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    January 27, 1909

    “Comfort from Adversity,” The Medical Missionary 18, 4.

    EJW

    E. J. Waggoner

    “Surely the wrath of man shall praise Thee; the remainder of wrath shalt Thou restrain.” Psalm 76:10.MEDM January 27, 1909, page 77.1

    These words have doubtless given comfort to many Christians in times of persecution. They remind us that God rules even among wicked men, saying to them, as he does to the raging sea, “Hitherto shalt thou come, but no further; and here shall the proud waves be stayed.” They show believers that even though the heathen may rage against them, they can still give thanks always for all things.MEDM January 27, 1909, page 77.2

    A little analysis of the text, however, will make it possible for us to read it more understandingly, and so to receive from it more spiritual consolation. The thoughtful reader can not fail to have been struck by the statement concerning the “remainder of wrath.” The words would seem to imply that God will “restrain” the wrath that remains beyond what he is able to make to praise Him. Then the question arises: Why does he not make all the wrath of man to praise him? This, indeed, is what is implied in the first clause of the verse, for there is no qualification. Since all things, without limitation, are possible with God, it is certain that this “remainder of warth” can not be that which it is beyond his power to make praise him. If he has power to “restrain” it, that in itself is to get praise from it.MEDM January 27, 1909, page 77.3

    A clearer idea is suggested by the reading of the Revision: “The residue of wrath shalt Thou gird upon Thee.” This is the exact meaning of the Hebrew like gar-“to bind around, to gird upon oneself, as clothing, or a sword.” From the fact that the personal pronoun does not appear in the Hebrew text, the translators of the old version probably thought that the verb meant here merely to hold back; but there can be no doubt that it means to gird upon, as in every other instances of its occurrences, and the pronoun is naturally implied.MEDM January 27, 1909, page 77.4

    Now a word about the “remainder.” That which is left of anything obviously includes all that there is of it, and so we way and should read the text as it is in the Norwegian: “The wrath of man prepares Thy praise; with the utmost limit of wrath Thou girdest Thyself about.” The scholarly version of M. Segond hasMEDM January 27, 1909, page 77.5

    L’homme te célèbre même dans sa fureur,
    Quand tu te revêts de tout ton courroux,
    MEDM January 27, 1909, page 77.6

    “Man praises Thee even in his fury, when Thou clothest Thyself with all his rage.”MEDM January 27, 1909, page 77.7

    Now we see that we have here a much stronger statement than that in the second psalm, that God laughs at the raging of the heathen. Yes, he takes the utmost limit of seemingly unbounded human wrath and binds it upon himself as a garment, making it minister to his pleasure.MEDM January 27, 1909, page 77.8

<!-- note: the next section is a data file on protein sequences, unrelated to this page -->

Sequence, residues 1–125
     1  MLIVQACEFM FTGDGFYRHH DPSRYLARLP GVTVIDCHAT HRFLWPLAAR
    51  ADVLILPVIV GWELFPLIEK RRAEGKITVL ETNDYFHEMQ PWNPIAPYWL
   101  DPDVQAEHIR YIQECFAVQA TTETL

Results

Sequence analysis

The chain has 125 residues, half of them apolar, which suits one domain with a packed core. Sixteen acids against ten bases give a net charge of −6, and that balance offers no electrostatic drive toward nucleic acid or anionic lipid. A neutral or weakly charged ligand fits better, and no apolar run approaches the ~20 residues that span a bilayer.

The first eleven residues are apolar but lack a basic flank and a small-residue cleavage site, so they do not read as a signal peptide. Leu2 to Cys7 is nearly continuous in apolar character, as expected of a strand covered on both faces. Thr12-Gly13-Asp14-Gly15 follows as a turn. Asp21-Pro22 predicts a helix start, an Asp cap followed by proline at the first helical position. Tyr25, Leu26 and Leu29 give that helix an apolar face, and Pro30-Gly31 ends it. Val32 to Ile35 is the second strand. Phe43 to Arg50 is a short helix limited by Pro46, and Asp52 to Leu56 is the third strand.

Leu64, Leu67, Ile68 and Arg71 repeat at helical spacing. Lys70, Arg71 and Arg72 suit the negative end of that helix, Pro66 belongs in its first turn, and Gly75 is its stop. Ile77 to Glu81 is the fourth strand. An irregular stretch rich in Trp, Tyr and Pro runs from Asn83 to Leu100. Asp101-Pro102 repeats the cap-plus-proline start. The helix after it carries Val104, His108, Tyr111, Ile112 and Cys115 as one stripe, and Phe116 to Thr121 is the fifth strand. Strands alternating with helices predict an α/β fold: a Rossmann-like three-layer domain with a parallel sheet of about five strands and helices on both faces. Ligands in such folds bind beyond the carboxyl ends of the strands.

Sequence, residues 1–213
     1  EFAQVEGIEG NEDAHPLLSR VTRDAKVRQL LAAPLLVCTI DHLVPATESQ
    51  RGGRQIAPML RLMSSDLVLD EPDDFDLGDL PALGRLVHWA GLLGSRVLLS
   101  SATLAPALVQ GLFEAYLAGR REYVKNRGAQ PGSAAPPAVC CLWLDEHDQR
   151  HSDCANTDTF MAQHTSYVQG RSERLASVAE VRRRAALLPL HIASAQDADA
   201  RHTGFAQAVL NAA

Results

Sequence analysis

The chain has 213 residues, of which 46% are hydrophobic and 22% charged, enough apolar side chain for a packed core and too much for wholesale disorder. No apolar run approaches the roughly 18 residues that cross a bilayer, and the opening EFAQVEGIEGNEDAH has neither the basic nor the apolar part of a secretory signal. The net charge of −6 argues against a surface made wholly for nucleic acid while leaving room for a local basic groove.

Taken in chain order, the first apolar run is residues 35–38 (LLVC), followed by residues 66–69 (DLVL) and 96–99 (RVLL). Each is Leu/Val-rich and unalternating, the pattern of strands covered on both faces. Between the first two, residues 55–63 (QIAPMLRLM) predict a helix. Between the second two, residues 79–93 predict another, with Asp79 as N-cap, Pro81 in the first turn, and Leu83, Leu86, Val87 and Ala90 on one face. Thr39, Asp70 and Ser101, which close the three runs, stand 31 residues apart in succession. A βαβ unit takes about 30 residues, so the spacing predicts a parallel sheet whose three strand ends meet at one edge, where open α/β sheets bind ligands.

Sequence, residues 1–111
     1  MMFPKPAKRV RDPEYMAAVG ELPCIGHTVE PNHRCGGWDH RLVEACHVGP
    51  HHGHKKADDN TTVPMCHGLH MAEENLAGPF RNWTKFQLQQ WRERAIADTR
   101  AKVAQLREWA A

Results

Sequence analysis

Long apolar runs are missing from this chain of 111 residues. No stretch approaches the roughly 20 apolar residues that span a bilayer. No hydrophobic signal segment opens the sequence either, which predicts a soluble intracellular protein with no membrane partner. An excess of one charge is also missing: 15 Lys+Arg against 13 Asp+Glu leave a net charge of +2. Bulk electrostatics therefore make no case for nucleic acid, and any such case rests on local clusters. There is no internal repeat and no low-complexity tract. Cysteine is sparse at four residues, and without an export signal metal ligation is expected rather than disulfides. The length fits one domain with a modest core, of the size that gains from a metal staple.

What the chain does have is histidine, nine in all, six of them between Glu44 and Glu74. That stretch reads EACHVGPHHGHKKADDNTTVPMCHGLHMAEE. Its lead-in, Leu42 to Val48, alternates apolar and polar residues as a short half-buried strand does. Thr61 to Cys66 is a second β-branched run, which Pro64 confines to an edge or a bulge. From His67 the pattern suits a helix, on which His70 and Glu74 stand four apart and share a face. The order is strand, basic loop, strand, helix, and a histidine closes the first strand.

A striking illustration of this truth in found in the case of Joseph and his brethren. The brothers, “moved with envy,” sold Joseph into Egypt, intending that to be a substitute for death as a means of putting an end to him, but it was in reality the means of advancing him to royal honor and power, and of making him the saviour of the world. So Joseph said to his brethren: “Ye meant evil against me; but God meant it for good, to bring to pass, as it is this day, to save much people alive.” With a still stronger statement, the psalmist leaves the wicked brothers and their wrath altogether out of the question, saying that God “sent a man before them, even Joseph, who was sold for a servant.”MEDM January 27, 1909, page 77.9

    Still more forcibly is the truth of our text illustrated in that which embraces all Christian experience in connection with Satanic rage. The high priest counseled the death of Christ, in order to put an end to his influence, and thereby was an instrument in making the “good tidings of great joy” effective to “all people.” Thus in the prayer of the Spirit-filled disciples: “For of a truth against Thy holy child Jesus, whom Thou hast anointed, both Herod, and Pontius Pilate, with the Gentiles, and the people of Israel, were gathered together for to do whatsoever Thy hand and Thy counsel determined before to be done.” They didn’t mean it so, but all the rage of men against Jesus was simply a means of working out God’s purpose for the salvation of the world.MEDM January 27, 1909, page 78.1

    And so it must ever be. It becomes us, therefore, ever to keep alive such living faith that instead of being dismayed or discouraged by any sort of adversity, we may give thanks for it, knowing that it is working God’s praise, and so our salvation. It matters not that we can not see how any good can come of it; we may then rejoice the more, because God is preparing for us a great surprise.MEDM January 27, 1909, page 78.2

    The text gives us another thought that should always be kept in mind as a support to the weakest of us: Since God makes the wrath of man to praise him, using their utmost fury as a garment of praise, how much more will he not glorify himself by the feeble, often erring, yet sincere, and loyal, service of those who love him.MEDM January 27, 1909, page 78.3

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